Choosing the right and case-appropriate mountaineering equipment is an integral part to my ascends on the mountain. The North Face, with whom I have collaborated over the past four years, were enthusiastic about the project from the very first moment. Among their vast range of products I had the opportunity to choose exactly what I needed as far as clothing, bags, tents and sleeping bags are concerned, that would make my stay on the mountain as comfortable and safe as possible.

A tent, which I will certainly need for these routes where I will not have the comfort of shelter accommodation, occupies a special place in my bag in terms of volume and weight.

Initially, for the most remote spots that I will have to approach by myself I chose the The North Face MICA FL1, a one-person tent that weighs just 1130g. It took me less than five minutes to set it up for the first time, in relatively good weather. The space inside is indeed meant for just one person, though with a little effort and a lot of patience one is able to squeeze his bag inside, if for some reason it cannot be placed in the special container of the tent for that purpose.

In the winter months the The North Face ASSAULT 2 is an ideal solution with a very good ratio of weight and volume. It is a tent that weighs 2.240g and can sleep two people comfortably, even in case the equipment has to be placed inside for protection against the harsh weather conditions.

Then it was time to choose my sleeping bags. Among the wide range of sleeping bags offered at The North Face, I decided on a lightweight sleeping bag -weighing less than 1kg- for the summer months and for my stay in shelters, and on a The North Face Superlight -weighing only 794g yet suitable for freezing conditions- for the times when I would have to face more difficult conditions on the mountain.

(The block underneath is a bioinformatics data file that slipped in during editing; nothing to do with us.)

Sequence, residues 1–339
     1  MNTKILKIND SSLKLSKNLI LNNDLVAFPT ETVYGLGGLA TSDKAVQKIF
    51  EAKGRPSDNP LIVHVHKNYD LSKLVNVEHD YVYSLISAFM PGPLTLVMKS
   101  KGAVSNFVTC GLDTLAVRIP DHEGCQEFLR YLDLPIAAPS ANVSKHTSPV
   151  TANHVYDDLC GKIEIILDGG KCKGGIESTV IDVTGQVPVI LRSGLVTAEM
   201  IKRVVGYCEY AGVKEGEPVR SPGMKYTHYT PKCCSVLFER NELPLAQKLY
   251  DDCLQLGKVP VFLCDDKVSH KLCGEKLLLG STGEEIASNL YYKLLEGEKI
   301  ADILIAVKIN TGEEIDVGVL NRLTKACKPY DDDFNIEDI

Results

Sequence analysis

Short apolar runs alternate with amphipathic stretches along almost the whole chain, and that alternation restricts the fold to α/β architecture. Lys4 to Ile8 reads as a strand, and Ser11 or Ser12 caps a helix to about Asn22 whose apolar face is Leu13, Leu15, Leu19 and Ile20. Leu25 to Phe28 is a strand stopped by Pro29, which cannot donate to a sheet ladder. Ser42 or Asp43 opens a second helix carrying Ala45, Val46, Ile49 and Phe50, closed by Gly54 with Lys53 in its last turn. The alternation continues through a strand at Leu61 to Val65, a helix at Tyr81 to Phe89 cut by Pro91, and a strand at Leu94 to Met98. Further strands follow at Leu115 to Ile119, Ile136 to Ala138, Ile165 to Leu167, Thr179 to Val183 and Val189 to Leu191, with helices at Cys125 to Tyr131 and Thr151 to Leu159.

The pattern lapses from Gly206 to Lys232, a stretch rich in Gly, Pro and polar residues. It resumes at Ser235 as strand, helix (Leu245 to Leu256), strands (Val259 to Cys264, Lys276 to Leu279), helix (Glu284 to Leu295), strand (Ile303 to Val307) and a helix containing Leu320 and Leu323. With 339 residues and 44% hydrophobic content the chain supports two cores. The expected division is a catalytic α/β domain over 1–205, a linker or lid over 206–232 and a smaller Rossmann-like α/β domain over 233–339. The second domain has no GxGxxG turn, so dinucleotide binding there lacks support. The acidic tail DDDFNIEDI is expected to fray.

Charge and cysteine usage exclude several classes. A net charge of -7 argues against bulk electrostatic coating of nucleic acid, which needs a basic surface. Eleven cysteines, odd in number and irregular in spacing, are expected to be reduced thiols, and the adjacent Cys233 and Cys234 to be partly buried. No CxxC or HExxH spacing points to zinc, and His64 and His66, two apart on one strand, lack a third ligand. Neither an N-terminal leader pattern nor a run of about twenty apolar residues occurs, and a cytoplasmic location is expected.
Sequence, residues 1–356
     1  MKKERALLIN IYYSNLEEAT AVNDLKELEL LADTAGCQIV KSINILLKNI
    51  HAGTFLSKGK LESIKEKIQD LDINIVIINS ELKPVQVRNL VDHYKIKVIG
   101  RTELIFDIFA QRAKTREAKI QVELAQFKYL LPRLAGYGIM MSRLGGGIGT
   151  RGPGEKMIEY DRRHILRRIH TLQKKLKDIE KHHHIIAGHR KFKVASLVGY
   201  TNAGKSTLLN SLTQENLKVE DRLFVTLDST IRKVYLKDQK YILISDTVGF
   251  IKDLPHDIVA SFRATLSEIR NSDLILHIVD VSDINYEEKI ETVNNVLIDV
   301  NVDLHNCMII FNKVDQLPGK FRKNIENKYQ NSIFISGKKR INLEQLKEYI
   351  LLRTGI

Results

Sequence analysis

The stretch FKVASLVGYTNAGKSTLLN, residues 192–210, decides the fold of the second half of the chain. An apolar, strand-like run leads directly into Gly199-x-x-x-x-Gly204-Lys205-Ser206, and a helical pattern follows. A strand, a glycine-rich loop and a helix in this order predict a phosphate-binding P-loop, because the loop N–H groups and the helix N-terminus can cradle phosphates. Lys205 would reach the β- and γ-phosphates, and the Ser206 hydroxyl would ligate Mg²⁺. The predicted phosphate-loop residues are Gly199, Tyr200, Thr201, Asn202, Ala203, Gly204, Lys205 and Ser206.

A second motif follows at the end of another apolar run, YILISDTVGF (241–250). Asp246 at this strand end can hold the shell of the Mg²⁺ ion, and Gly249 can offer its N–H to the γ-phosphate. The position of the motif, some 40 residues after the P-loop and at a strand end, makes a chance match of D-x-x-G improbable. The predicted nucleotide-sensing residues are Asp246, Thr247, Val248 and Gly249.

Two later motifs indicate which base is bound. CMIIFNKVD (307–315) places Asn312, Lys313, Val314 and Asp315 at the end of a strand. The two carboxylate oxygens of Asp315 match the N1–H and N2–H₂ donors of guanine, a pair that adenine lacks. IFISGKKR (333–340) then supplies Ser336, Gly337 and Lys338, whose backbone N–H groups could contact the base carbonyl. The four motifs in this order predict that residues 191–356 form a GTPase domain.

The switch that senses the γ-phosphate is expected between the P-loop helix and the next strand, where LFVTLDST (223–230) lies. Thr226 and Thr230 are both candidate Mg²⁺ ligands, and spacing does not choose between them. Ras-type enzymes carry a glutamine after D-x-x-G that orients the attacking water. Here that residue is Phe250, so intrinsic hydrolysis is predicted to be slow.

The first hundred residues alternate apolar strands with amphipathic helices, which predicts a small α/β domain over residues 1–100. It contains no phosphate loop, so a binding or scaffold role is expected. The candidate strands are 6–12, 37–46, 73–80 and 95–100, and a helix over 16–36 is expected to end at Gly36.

Last, but as important as all the above, is the consideration of the mountaineering equipment I will need to keep me rested, fed and safe on the mountain.

When you climb up Mount Olympus off the beaten track and away from organized refuges, your meals and accommodation require special care and planning. You can’t do without a set of cooking utensils, hobs, thermos and different kinds of climbing equipment. Taking into account the amounts of food that you must carry on you, the added volume of your equipment is rather significant.

The people of Alpamayo Pro, having years of experience in this field, examined my requirements for the necessary equipment responsibly and offered me what was most reliable, bearing in mind my limitations in terms of weight and volume.

When all was said and done I had to come to terms with the fact that my backpack will weigh at best (that is, in case of staying in a refuge) approximately 13-15 kg, while in case of having to spend a night or more in a tent the weight will reach and perhaps exceed 20 kg.
But who cares about all that! What is most important for me is the unique view that I would face from each and every summit of the tallest mountain in Greece and the fact that I would be able to share this breathtaking view with the whole world.

So, here we go for the next excursions! Let’s all have a wonderful trip!

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Posted by Babis Giritziozis

Babis Giritziozis
Canon Greece Ambassador - Adventure Photographer / The North Face® Greece Photographer 

Babis Giritziotis is a proffesional photographer based in Thessaloniki, Greece. In the past he has collaborated with travel magazines in Greece and abroad, covering topics in various countries in Balkans, Europe and Africa for several years. Since 2008 he deals exclusively with mountain sports photography and video production. He collaborates with the majority of Greek mountain sports organizations and he has covered various events for significant companies related to the mountain activities field in Greece, Alps and Nepal.